Poetry Practice: Day Eight

So my poetry practice continues, where now into the second week, and still I hope to continue upon this path. I am going to start introducing mandatory elements into my daily practice poems, just to liven it up, and stretch myself technically, and emotively. I will cover these in more details in a post later, laying out what I intend on doing.

That being said, it is possibly that I won’t be posting for a few days as I go away, however I will try to avoid this, as I really like keeping to a poem a day, and will be writing them, so it is only a minor hassle to fathom a way to post them.

Anyway, onto today’s poem – as I write this, I haven’t started writing the poem, this is coming straight out of my head and into the pages of this blog. No preparation, or hesitation.


The Gifts of Poets Gone

As I lay here, on the backs of giants,
Poetry forebearers that carried the skill into art,
Whose tireless efforts, and many a sacrifice,
Have given me today,
The bed upon which I lay.

By which I mean the literary warrants,
The rules, tempers, and heritages they impart,
For which I am able to add my words, spice,
And never say nay,
The words my mind may.

As I lay here dwelling in fragments,
Of poetry past and present, musing my part,
I have yet to play, indulging my vice,
I suffer no defray,
It will be words day.

©, Jonathan Lawrence 2009

I think this poem is relatively clear, and it’s source easy to identify (see my last blog post), it is also something I genuinely believe and hold dear. Though I am a pale imitation of their art, their skill, and their lives, I am no less beholden to them for the gifts they have given that have led me to where I am.

Where I imitate there style, where I borrow from their prose, I hope they would be flattered, and hope they would appreciate my gratitude.

Poetry Season on the BBC

It’s always great when poetry gets media focus, it is one of the great things about the BBC, and definitely something that proves the license fee is needed. I doubt advertisers would have any interest in poetry – look what happened to Richard and Judy, that was a ratings winner, it’s book club was a major influence on the book charts, and still it was booted to some random minor Sky channel, and then promptly retired.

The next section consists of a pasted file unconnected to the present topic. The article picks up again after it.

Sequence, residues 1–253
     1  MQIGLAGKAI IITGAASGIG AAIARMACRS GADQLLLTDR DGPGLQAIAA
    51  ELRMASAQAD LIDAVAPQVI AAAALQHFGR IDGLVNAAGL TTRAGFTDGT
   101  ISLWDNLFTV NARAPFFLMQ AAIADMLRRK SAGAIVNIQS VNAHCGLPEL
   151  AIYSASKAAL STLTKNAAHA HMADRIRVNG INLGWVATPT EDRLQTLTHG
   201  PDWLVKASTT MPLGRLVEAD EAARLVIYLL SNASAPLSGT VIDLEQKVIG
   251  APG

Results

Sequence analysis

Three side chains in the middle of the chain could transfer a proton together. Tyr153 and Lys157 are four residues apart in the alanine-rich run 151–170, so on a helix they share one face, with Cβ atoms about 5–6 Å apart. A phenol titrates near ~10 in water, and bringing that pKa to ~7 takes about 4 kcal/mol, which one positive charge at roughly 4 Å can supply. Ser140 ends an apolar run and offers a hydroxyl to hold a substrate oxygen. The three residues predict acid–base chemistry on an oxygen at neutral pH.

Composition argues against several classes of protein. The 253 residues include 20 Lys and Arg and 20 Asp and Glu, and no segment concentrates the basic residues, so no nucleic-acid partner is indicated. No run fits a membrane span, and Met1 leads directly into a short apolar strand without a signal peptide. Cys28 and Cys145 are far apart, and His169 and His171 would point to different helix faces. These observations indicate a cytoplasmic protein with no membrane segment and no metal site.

The BBC is currently running a poetry season (no doubt the appointment of the new Poet Laureate, and the positive media coverage, with hits on the new story on the website, helping influence the idea). Last night Griff Rhys Jones was on a program on the Beeb called “Why Poetry Matters”, haven’t had chance to watch it yet, but will do this afternoon. Here’s the program description from iPlayer:

Griff Rhys Jones makes a passionate and personal plea for poetry, exploring how verse has the power to enlighten, entertain, stimulate and seduce.

Griff dissects Keats with Simon Armitage, views a line-up of poetic dandies with Andrew Motion and encounters an experimental poem made from a dozen beach balls. He celebrates W.H. Auden’s Night Mail with a team of railway drivers, takes a Shakespearean masterclass with Nick Hytner and is thrown into the bardic bear pit at a poetry slam.

If you’re in the UK you can watch it on iPlayer, the link is http://www.bbc.co.uk/iplayer/episode/b00kmtyn/Why_Poetry_Matters/

I’m watching it as I write this, some amazing poetry readings, and some wise words as to the importance, and impact of poetry among society. I may write  a proper review of it later.

There’s also a whole Poetry season website here:  http://www.bbc.co.uk/poetryseason/

I’ve been going through it today, and it’s well worth spending some time on. I did get caught up short though, they’re doing a vote for the Nation’s Favourite Poet, and I figured “Oh yeah, ace, I’ll have a bit of that!”, as you do, only to find myself torn over the choices. I’m intending on doing a post at some point in the future to explore my love of various poets, so I don’t want to spoil that in this post. However, let me just cover the poets on whom I am torn, and briefly why.

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